As a business owner, it is important to plan for significant life events and their affect on your operations, before they happen. Knowing what happens if one of the partners passes and diligently protecting the business and its value (and therefore the family) is the sensible thing to do. One way to safeguard your business and ensure that is by addressing the consequences of an early passing or “exit strategy” of one (or more) of the business partners through a buy-sell agreement. A solid buy-sell agreement needs to be optimally structured and adequately funded. Something we’ll touch on in this post.

The death or permanent disability of a business partner or a shareholder can have a significant impact on the long-term viability of your business. It’s crucial to factor this into your company’s financial planning. Yet so many don’t! Also, if your business loses an owner, the remaining owner(s) must decide how to continue operations, minimize disruption and maintain control of the business if ownership of shares changes hands.

So, as a partner or shareholder in a business, do you have a plan in place specifying what happens if a key player in the business dies or is forced to withdraw? Your business depends on it.

Ensuring continuity and clarity

A buy-sell agreement can help protect you and your business by laying out a clear path forward. Depending on your objectives and the specific terms of the agreement, it may specify what happens when a shareholder chooses to leave the business, is forced out or passes away.

Buy-sell agreement can be funded by various methods, including loans, insurance policies and accumulated earnings. In situations where a buy-sell agreement is triggered by the death of a shareholder, life insurance is an attractive funding option given the potential tax advantages that it provides.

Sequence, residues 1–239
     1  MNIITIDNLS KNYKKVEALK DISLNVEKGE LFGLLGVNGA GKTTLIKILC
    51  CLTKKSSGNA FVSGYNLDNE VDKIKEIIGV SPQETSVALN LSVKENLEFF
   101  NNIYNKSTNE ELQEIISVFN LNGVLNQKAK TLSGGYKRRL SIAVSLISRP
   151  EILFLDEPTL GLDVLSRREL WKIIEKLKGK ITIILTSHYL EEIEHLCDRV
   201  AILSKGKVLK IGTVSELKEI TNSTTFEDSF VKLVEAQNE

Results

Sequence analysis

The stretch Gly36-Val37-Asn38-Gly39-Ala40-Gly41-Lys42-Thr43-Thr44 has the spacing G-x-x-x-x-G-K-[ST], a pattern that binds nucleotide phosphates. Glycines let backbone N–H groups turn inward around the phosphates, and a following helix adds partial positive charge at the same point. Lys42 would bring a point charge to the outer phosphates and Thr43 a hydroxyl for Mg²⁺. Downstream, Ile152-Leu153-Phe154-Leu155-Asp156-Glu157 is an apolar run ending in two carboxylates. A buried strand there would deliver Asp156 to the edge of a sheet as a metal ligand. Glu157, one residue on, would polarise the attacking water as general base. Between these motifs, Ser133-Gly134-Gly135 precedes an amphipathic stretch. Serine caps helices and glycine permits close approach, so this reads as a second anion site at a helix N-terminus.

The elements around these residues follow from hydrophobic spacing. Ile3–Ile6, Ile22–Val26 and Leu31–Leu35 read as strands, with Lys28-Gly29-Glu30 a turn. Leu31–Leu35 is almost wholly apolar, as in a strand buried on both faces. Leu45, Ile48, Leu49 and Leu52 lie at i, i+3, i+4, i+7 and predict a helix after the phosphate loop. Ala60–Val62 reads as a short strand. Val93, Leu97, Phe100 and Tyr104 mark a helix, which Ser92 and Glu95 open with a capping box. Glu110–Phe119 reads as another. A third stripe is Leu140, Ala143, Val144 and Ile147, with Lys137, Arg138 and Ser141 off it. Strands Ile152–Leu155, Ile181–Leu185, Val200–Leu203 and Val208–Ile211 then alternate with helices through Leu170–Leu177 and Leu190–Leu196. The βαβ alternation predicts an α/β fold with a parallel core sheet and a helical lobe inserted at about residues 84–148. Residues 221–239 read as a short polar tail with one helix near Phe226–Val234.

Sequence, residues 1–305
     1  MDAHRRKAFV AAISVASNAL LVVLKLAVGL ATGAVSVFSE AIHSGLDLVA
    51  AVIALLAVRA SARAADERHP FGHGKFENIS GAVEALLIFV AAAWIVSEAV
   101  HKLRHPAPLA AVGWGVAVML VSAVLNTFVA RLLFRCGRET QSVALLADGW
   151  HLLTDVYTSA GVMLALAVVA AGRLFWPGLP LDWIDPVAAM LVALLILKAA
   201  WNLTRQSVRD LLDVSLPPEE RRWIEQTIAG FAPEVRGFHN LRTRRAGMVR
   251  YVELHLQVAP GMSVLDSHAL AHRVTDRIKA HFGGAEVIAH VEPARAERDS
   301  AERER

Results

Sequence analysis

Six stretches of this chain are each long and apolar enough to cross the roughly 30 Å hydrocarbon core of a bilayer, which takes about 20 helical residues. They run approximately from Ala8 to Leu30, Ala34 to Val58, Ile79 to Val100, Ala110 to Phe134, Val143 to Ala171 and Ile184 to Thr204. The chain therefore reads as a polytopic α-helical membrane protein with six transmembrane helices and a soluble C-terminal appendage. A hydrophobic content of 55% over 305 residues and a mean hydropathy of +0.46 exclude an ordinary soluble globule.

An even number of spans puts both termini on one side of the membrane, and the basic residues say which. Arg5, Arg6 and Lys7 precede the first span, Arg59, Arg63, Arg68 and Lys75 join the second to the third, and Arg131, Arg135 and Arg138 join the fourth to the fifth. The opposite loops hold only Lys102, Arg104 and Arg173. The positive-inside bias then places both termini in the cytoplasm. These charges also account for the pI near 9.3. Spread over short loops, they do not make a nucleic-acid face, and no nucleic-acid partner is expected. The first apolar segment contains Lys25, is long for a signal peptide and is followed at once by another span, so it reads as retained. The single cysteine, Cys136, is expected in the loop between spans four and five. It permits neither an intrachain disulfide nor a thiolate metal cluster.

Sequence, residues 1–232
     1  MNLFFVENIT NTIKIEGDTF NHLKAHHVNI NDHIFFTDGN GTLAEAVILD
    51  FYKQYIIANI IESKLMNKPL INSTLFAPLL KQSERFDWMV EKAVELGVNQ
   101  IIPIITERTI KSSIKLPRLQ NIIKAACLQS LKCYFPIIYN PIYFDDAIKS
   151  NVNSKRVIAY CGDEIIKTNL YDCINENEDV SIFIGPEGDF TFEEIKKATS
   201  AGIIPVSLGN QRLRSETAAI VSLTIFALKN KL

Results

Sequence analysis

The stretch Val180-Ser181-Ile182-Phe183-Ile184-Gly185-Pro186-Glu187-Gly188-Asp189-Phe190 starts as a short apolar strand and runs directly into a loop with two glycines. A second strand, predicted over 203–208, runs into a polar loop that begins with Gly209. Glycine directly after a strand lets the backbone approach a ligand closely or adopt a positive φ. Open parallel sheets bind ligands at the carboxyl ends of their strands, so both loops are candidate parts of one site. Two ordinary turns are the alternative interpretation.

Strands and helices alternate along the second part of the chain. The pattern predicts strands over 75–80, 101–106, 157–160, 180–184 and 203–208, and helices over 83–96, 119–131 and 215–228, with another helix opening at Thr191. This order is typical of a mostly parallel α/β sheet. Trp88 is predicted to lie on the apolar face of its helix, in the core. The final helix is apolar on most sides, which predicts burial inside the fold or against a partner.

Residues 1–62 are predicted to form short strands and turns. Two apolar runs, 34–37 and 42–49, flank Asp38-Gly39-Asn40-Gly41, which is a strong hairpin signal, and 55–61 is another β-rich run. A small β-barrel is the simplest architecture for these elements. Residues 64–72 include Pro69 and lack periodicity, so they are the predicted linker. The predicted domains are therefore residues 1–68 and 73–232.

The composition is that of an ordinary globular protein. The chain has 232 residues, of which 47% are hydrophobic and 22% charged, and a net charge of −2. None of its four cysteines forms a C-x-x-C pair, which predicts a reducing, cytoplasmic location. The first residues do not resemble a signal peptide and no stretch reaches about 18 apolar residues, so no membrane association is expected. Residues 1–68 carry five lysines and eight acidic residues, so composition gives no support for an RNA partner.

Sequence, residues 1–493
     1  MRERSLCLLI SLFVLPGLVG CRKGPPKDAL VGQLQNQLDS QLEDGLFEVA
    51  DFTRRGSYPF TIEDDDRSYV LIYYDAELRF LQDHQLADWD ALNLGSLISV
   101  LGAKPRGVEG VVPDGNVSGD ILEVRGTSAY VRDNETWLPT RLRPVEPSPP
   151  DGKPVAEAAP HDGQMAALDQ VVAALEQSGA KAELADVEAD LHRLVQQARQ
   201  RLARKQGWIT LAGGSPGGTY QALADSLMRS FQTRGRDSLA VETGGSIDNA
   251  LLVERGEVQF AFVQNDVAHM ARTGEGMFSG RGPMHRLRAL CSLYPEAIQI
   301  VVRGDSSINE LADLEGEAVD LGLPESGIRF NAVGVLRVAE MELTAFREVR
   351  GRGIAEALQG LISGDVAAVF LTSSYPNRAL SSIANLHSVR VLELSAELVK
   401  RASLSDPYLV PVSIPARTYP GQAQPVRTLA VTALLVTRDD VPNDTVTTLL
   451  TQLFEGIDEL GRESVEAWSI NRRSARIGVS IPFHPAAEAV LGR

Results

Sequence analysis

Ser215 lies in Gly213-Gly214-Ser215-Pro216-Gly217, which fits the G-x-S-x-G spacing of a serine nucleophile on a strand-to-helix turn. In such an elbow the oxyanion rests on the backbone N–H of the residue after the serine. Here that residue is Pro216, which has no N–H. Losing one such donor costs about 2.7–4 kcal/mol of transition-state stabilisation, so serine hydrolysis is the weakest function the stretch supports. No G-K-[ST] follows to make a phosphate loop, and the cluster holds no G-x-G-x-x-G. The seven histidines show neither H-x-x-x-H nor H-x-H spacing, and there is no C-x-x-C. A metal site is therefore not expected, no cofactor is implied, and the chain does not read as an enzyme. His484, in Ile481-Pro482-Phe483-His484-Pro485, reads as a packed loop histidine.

A tax-advantaged solution

There are three main ways in which your business can use life insurance to fund a buy-sell agreement:

1. Cross-purchase method

Each shareholder purchases a life insurance policy on the life of the other shareholder(s), naming themselves as the beneficiary. If a shareholder dies, the buy/sell agreement requires the surviving shareholder(s) to purchase the shares of the deceased shareholder at fair market value. The life insurance benefit is used to fund this purchase.

2. Promissory note method

The company purchases a life insurance policy on the life of each shareholder, with the corporation as the beneficiary. If a shareholder dies, the buy/sell agreement requires the surviving shareholder(s) to purchase the shares of the deceased shareholder at fair market value. The life insurance benefit is paid into the company’s capital dividend account, which is then distributed to the surviving shareholder(s) and used by them to fund the purchase of shares.

3. Corporate redemption

The company purchases a life insurance policy on the life of each shareholder, with the corporation as the beneficiary. If a shareholder dies, the buy/sell agreement requires the company to purchase and absorb the shares of the deceased shareholder at fair market value. The life insurance benefit is used by the company to fund the purchase of shares.

The ultimate outcome

Which of these three approaches is best for your business will depend on a variety of factors, but the ultimate outcome will be the same: less uncertainty for your business, strengthened control of ownership following the death of an owner, and a tax-efficient approach to funding the purchase of the deceased owner’s shares.

We have experience structuring the optimal life insurance solutions for funding buy-sell agreements. To learn how you can safeguard your business interests and ensure continuity in the face of uncertainty, contact us today.